Under Sec. 691(a), IRD must be included in gross income by the estate or other person who acquires the right to receive the income for the tax year when received.

The only time an heir might have to pay taxes on this income is if after the estate is closed, income due the deceased comes in. This scenario is not common but if you are in doubt about it work with a tax accountant familiar with estates.

Last edited by NorthofHere; 08-21-2019 at 03:13 PM..
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Old 08-21-2019, 03:04 PM
 
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Quote:
Originally Posted by thrillobyte View Post
What is Income in Respect of a Decedent?

Income in respect of a decedent (IRD) refers to untaxed income that a decedent had earned or had a right to receive during his or her lifetime. IRD is taxed to the individual beneficiary or entity that inherits this income. However, IRD also counts toward the decedentís estate for federal estate tax purposes, potentially drawing a double tax hit. Fortunately, the beneficiary may be able to take a tax deduction from estate tax paid on IRD. The beneficiary must declare IRD as income for the year in which the person received it.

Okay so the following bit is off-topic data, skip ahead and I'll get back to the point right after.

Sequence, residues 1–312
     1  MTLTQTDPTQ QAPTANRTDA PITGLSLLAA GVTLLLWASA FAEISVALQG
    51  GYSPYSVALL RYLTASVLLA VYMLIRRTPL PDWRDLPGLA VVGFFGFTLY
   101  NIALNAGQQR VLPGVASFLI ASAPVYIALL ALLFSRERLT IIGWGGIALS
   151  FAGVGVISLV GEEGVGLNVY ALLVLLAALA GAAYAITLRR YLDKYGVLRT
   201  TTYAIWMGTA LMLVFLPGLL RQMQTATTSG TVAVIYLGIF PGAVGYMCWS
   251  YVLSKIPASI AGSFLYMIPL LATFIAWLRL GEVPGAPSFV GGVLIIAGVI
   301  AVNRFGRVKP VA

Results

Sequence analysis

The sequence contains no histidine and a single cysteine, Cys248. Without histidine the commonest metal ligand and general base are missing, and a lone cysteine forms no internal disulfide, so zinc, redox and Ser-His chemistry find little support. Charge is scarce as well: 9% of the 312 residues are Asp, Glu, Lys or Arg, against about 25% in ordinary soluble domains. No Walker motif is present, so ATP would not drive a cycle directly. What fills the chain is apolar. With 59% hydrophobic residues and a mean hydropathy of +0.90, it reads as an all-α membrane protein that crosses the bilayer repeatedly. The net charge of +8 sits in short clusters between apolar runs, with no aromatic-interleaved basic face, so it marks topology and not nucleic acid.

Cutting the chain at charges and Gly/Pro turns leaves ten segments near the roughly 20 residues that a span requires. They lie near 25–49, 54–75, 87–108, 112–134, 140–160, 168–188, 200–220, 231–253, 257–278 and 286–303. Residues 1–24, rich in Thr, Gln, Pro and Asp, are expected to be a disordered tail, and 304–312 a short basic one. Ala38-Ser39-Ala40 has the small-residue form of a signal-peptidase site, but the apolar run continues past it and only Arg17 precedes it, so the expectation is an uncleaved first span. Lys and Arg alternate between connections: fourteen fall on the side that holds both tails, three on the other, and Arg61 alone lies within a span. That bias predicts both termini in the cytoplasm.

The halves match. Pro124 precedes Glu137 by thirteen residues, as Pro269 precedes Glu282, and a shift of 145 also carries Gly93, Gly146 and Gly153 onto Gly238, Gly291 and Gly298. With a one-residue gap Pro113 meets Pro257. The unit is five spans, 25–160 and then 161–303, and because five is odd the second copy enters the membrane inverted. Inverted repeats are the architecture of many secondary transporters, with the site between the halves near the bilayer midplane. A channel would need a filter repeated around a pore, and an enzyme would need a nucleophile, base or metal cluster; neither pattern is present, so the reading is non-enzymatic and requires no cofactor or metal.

Only if you accept the inheritance or benefit from the decedent. You can say, "no, thank you".

Again, you are looking as the entirety of the profit of the sale as "yours", when, in fact, there are taxes owed that will be collected later. That "tax portion" of the profit is NOT your inheritance.
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Old 08-21-2019, 05:05 PM
 
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A good CPA or tax guy should be able to find SOMETHING where you can cancel out some of that taxable income.